Proposed Budget Increase for NCI Is Below Expected Rate of Inflation

Oncology NEWS InternationalOncology NEWS International Vol 6 No 3
Volume 6
Issue 3

WASHINGTON--President Clinton has asked Congress to approve $2.217 billion in funding for the National Cancer Institute (NCI) in fiscal year 1998, which begins next Oct. 1.

WASHINGTON--President Clinton has asked Congress to approve $2.217 billionin funding for the National Cancer Institute (NCI) in fiscal year 1998,which begins next Oct. 1.

The President's request would increase the institute's budget by $61million, or 2.82%, above the sum Congress approved for fiscal year 1997.However, the $61 million increase--if not raised by the Congress--wouldfail to match the anticipated inflation rate of 3%.

Comments from several influential members of Congress suggest that NCIwill get an even larger increase than sought by the White House.

Research funds in NCI's proposed budget include breast cancer, $328.8million; lung, $128.2; prostate, $77.5 million; cervical, $56 million;ovarian, $40.6 million; and uterine, $9 million.

The Clinton Administration budget includes full funding for NCI to continuesupporting contracts for the ASSIST antismoking campaign. This collaborativeeffort by the institute, the American Cancer Society, state and local healthdepartments, and other voluntary organizations is taking steps to developcomprehensive smoking control programs in 17 states.

President Clinton proposed raising the total NIH budget by $337 million,or 2.6%, to $13.1 billion. Sen. Connie Mack (R-Fla), who would like tosee the NIH budget doubled over the next five years (see News in Briefitem below), called the proposed hike "paltry" and "absolutelyunacceptable."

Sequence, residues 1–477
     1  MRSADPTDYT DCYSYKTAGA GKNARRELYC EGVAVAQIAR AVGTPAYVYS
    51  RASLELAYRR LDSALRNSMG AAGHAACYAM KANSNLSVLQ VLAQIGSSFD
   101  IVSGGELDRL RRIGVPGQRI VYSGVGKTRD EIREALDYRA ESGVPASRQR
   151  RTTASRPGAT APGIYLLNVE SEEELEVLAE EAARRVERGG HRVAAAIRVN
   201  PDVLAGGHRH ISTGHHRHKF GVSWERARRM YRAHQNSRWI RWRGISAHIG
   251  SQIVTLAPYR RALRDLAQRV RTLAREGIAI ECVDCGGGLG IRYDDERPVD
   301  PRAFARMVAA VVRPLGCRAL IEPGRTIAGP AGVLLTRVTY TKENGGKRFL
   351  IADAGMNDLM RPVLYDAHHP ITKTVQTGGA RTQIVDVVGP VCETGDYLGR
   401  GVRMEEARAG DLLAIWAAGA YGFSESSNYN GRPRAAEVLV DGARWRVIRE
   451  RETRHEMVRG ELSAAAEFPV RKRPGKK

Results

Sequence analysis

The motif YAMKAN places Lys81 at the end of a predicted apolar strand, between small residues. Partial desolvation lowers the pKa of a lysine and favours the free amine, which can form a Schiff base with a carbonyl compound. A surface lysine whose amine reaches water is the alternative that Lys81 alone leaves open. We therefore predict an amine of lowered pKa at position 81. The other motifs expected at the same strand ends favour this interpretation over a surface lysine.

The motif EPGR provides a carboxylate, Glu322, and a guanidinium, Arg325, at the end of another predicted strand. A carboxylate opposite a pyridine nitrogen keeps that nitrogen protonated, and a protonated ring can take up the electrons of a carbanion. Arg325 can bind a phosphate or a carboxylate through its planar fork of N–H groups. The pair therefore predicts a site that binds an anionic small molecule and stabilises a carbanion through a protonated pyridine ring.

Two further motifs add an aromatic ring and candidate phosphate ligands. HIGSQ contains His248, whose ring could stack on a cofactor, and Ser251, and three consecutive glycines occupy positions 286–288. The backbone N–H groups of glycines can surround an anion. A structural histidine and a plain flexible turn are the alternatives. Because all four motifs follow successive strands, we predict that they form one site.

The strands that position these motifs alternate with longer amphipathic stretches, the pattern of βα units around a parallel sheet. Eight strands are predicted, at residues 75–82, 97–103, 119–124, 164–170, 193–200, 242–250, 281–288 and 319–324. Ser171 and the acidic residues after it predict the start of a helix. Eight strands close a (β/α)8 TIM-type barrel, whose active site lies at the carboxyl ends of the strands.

The proposed budget would also give Medicare recipients coverage forcancer screenings such as mammograms and colon examinations.

The President offered a budget for the National Institute of Allergyand Infectious Diseases of $634 million, an increase of $25 million (4.1%).

AIDS Vaccine Research Increased

Overall, the NIH budget for AIDS research would rise by 2.6% to $1.54billion, which includes what HHS Secretary Donna E. Shalala, PhD, called"a substantial increase in funding for AIDS vaccine research."

The proposed $2.3 billion budget for the Centers for Disease Controland Prevention includes $634 million for AIDS prevention, a $17 millionincrease.

The Food and Drug Administration (FDA) budget would rise by $69 millionto $1.064 billion.

This includes $244 million to come from users fees paid by pharmaceuticalcompanies to help fund the drug approval process; fees paid by mammographycenters for required inspections; and new users fees that would cover partsof the pre- and postmarket work in food, human drugs, biologics, animalsdrugs, and devices.

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